I had a planner epiphany this morning. Follow me as I walk you through my flash of brilliance.
I've been looking at planner websites for a long time. Starting about 8 years ago I checked Philofaxy every day, back in the day before Nan invited Steve and me to be authors. Now Steve (along with Nan, Anita and myself) posts interesting updates every day. But back when I was desperate for ideas on how to best use my Filofax, Philofaxy's infrequent posts were my only source.
Similarly, I checked the Quo Vadis blog daily and commented frequently in a desperate attempt to find my perfect planner. I've loved Quo Vadis planners since my first experience with them and was instantly hooked. The Quo Vadis blog was a great resource for learning more about the planners and how to use them. Now I'm the Quo Vadis blogger (and if you know me at all you'll know how absolutely thrilled I am) and it's still a great online planner community.
All of this was back before Twitter, Facebook, You Tube, Instagram, Pinterest, etc etc etc. Philofaxy and Quo Vadis blog, and a few people's pen and ink blogs were my only sources for planner information.
Now if someone wants information on how to use their planner, they are flooded with information. Pick a brand of planner: Filofax, Midori, Hobonichi, Franklin Covey, etc you will find blogs, videos, Facebook groups, and loads of other online information about how to use, and especially how to decorate your planners. This is something I've talked about before so I don't want to repeat all that here.
But it brings me to my point: I think because there is so much visual interaction in our day to day lives with the internet in front of us so much of the time, we unconsciously expect that same level of interaction from our planners. Which of course is impossible for paper planners. They don't beep at us, show us links to other pages, or suggest things we might like. Personally I like that about paper planners, because I need a break from screens.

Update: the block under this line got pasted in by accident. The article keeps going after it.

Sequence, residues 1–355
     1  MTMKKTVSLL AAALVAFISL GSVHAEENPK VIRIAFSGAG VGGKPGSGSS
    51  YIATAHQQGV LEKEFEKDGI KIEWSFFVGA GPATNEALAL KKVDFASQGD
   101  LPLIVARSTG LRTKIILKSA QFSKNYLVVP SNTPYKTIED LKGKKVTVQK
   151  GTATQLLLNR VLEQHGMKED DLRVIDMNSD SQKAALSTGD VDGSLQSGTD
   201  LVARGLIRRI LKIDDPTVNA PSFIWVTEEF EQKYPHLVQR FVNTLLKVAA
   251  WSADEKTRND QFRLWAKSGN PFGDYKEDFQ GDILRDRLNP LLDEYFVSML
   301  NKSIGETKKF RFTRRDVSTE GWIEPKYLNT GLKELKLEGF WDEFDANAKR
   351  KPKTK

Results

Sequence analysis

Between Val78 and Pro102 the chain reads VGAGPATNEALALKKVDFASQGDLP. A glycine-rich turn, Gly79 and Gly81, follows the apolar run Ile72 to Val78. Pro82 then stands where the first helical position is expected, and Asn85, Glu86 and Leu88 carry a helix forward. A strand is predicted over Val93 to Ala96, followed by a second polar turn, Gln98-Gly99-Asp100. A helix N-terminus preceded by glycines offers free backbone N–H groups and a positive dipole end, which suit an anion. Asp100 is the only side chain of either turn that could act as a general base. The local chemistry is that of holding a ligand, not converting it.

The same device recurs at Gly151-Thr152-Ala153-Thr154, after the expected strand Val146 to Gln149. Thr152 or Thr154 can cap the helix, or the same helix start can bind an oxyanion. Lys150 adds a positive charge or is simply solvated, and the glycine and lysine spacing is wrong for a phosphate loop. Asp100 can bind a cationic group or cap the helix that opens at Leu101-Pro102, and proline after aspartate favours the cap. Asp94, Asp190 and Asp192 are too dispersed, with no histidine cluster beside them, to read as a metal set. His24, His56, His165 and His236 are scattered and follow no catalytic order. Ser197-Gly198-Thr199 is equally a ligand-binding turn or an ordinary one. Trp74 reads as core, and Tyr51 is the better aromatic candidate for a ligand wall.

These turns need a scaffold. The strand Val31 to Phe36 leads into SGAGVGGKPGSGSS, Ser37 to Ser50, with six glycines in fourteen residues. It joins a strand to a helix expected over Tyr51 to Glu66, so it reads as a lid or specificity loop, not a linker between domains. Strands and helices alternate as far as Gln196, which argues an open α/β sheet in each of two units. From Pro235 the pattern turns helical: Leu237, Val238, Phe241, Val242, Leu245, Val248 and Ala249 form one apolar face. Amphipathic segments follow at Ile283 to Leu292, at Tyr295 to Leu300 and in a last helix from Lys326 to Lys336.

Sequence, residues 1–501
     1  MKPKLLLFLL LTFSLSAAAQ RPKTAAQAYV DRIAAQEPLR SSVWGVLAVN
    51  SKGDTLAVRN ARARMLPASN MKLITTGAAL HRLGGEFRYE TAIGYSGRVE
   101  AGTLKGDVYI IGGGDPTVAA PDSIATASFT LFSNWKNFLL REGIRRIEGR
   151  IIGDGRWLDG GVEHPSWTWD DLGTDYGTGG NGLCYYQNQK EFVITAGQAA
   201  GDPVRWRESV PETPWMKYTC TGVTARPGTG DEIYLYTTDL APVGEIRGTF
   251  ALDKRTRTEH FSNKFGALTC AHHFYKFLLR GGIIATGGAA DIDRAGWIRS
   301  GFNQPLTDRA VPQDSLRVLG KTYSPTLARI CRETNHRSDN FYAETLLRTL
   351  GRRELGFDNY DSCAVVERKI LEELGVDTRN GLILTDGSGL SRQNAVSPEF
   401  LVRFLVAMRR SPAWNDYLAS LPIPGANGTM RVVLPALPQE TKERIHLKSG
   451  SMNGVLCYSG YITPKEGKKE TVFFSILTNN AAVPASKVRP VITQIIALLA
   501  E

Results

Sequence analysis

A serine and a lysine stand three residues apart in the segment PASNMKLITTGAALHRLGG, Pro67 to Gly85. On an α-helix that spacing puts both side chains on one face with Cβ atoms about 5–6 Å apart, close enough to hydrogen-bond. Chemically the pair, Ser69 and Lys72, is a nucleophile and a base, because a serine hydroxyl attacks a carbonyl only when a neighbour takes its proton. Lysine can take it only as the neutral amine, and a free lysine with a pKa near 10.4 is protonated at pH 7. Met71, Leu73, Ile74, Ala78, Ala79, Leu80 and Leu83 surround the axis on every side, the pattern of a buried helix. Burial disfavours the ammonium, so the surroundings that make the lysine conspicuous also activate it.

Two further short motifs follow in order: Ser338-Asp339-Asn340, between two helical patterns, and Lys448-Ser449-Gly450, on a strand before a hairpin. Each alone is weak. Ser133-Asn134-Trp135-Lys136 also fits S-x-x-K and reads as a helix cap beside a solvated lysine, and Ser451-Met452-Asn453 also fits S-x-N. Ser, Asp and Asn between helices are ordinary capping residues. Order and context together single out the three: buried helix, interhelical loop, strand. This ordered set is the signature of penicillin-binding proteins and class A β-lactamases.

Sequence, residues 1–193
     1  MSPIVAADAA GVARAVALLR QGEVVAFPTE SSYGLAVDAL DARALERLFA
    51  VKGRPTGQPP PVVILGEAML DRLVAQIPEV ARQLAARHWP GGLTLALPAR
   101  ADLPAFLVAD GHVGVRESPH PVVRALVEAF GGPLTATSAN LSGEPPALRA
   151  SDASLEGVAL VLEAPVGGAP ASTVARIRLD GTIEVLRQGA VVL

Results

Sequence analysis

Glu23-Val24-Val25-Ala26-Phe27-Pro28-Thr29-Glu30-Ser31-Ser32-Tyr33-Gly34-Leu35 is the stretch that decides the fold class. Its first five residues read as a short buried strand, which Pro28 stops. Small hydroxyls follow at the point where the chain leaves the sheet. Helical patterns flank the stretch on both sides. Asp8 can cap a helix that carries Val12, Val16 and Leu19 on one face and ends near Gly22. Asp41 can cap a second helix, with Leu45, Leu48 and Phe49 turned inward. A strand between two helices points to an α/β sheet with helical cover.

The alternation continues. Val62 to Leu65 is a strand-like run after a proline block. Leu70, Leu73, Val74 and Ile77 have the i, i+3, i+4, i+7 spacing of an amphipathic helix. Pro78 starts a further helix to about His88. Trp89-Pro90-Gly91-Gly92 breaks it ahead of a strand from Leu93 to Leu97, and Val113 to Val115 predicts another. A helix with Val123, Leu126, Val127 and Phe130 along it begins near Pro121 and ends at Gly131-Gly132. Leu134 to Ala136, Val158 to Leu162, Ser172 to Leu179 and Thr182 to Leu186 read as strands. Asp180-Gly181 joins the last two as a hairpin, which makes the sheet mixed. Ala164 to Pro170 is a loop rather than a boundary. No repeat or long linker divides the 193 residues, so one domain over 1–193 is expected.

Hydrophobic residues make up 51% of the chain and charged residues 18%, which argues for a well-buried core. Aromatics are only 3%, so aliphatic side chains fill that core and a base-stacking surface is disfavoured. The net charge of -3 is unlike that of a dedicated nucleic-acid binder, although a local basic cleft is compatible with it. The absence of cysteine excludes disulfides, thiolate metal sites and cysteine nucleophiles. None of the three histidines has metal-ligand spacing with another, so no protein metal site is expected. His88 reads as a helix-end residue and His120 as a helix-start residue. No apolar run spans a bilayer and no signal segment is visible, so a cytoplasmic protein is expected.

But I think a lot of people are used to a high level of interaction from the things they use (laptops, phones, tablets etc), and I think this might be where the planner decorating fad comes from. The act of decorating their planner, and seeing the result feels more interactive than a blank page.
It's great that some people find a creative outlet in their planners, but so many I've seen seem to miss the point of a planner. Maybe they would be better off decorating a scrapbook or art book instead. I've even seen people stressing out over decorating their planner: What should this week's theme be??? I can't find the materials I want to decorate my planner! In the end, your planner should keep you organized and help you get things done. You don't need to decorate it.
And it's not just decorating. It's finding new binders/ covers/ colors/ dividers/ etc. These things are great, and anything that makes you enjoy using your planner makes it more likely you will actually use your planner. But so often, people get caught up in the other things and end up disappointed with the functional aspect of the planner itself.
In the end, all this effort is ultimately futile because our paper planners will never be as interactive as an online experience.
We need to allow ourselves to get bored with our planners.
And that's not a bad thing. Far from it. In fact, right about the time when you become bored with your planner is when it's working. Just working. It's not exciting. It's not new or flashy or wow. It's just working.
Often when people get bored with their planners, they think something must be wrong. So they abandon the planner to try something new. I've definitely done this, countless times.
But the next time you get bored with your planner, think before you abandon it to try the next thing. Think about whether the planner is actually helping you get your tasks done and remember your appointments. Think about whether it's effective at keeping you organized and up to date.
If it's not, fix it. But if it's working, keep using it. And give yourself permission to feel bored with it.